Last year, Timo Boll challenged the KUKA KR AGILUS in his area of expertise: table tennis. Are you "Team AGILUS", supporting one of the fastest robots on earth? The KUKA KR AGILUS is unrivaled in his payload class and offers a lot of other talents, too, e.g. Or are you "Team Timo", backing Timo Boll, the terrific German table tennis star and brand ambassador for KUKA Robotics?
In 2012 the engineers working on Google's self-driving car realized they had a problem. Early testers had agreed to always watch the road in case of emergencies, but many didn't--and it put them at serious risk. This is what's known as the handoff problem: how to alert and engage the distracted human when the computer falters. Bypass the issue by building a vehicle that operates entirely on its own.
In addition, the rise of mobile ordering and payment pioneered by Starbucks (NASDAQ:SBUX) which has been adopted by many other chains takes work away from human workers. That, however, won't be the case for every chain, as in many cases robots and automaton will lead to fewer human workers. While the rise of automation and robots won't be immediate or complete, they will eliminate jobs that traditionally went to lower-skilled workers. The Motley Fool recommends CVS Health.
Watch Blue River Technology's See & Spray machine rapidly improve during 6 months of development, from office testing to lettuce weeding to cotton weeding- from Sunnyvale to Arkansas. The See & Spray machine identifies all the plants in the field and precisely applies herbicide only to the weeds. This approach reduces herbicide use by up to 90% while offering improved efficacy and better stewardship.
Open Access Subscription Access Deploying Constraint Programming for Testing ABB's Painting Robots Morten Mossige, Arnaud Gotlieb, Hein Meling Abstract This report explores the use of constraint programming for the validation of ABB Robotics' painting robots. This report explores the use of constraint programming for the validation of ABB Robotics' painting robots.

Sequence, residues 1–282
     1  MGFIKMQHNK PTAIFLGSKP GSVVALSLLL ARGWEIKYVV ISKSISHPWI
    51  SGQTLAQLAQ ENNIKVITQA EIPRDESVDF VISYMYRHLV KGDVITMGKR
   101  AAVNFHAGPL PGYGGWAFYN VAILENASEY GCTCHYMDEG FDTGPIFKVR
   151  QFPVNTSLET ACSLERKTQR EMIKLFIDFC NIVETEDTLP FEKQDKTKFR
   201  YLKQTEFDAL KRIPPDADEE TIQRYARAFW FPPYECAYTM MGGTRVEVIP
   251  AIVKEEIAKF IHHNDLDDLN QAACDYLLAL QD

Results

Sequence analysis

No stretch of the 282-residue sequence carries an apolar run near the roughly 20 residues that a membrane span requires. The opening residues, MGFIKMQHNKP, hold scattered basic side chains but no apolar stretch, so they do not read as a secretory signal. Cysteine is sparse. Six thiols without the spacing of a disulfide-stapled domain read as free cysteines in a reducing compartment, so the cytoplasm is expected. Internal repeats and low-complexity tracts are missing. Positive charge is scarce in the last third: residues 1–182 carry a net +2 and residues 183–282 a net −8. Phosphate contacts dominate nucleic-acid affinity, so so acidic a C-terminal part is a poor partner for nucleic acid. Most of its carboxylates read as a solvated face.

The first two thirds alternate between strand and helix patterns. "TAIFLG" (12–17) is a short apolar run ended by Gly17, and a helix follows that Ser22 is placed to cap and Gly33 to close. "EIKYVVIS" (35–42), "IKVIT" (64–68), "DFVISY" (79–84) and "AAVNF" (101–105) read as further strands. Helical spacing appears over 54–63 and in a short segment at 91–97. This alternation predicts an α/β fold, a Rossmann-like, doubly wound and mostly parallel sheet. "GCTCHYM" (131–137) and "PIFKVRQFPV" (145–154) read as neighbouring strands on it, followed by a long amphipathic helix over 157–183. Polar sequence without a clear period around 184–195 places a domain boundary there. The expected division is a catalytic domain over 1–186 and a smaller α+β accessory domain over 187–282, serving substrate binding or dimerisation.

You might not have heard of Kuka, but you'll almost certainly know its products. The German firm is one of the world's top manufacturers of industrial robots, and its robot arms are instantly recognizable thanks to their signature orange livery. But in the future, Kuka's robots might become an even more familiar sight, with the company saying it's now exploring the world of consumer robotics.
Research firms predicting dramatic growth for the domestic Chinese robotics industry are also predicting very low-cost devices. "We aim to increase the market share of homegrown servomotors, speed reducers and control panels in China to over 30 percent by 2018 or 2019," said Qu Xianming, an expert with the National Manufacturing Strategy Advisory Committee, which advises the government on plans to upgrade the manufacturing sector. The CRIA (China Robot Industry Alliance), and other sources, proffer the number to be closer to 800. Further note that The Robot Report's database doesn't contain companies that just use robots; it focuses on those involved in making robots.]
Capitalism works reasonably well as an economic system - provided that human beings are required to do effectively all of the labor. The workers won, the company won, it was a positive sum game. Surely companies should pay back into the system via taxation in order to offset the amount of money they are no longer paying their employees. A guaranteed basic income (see Is the World Ready for a Guaranteed Basic Income?
Georgia Tech's College of Computing offers an online Knowledge Based AI course to 300 students each semester staffed by a professor and eight teaching assistants (TA). Ashok Goel, computer science professor at Georgia Tech, estimates that within one year, Watson's TA identity will be able to answer 40% of the questions submitted, and the majority of students to date didn't realize that their assistance wasn't coming from a human source. Online florist 1-800-FLOWERS.COM (NASDAQ:FLWS) launched its chatbot to help customers place an order or connect them with a human customer service representative. A recent survey of 5,000 consumers conducted by LivePerson, Inc (NASDAQ:LPSN), a leading provider of mobile and online messaging solutions, found that 55% of consumers would prefer a bot over a human, but only in situations where the bot is just as accurate as a human representative.
Rather, they were exploring how malevolent hackers might compromise various kinds of industrial robots, whose number is expected to reach 2.6 million units worldwide by 2019. But increasingly industrial robots are being designed to work alongside human workers, and such collaborative robots, or cobots, could present unique safety issues should their software be compromised. "Indeed, industrial robots--originally conceived to be isolated--have evolved and are now exposed to corporate networks and the Internet," write the report's authors, who examined scans of the Internet and easily found many examples of connected industrial robots. Another eye-opener for me was learning that "[s]ome vendors implement safety features such as emergency stop (e-stop) buttons in software."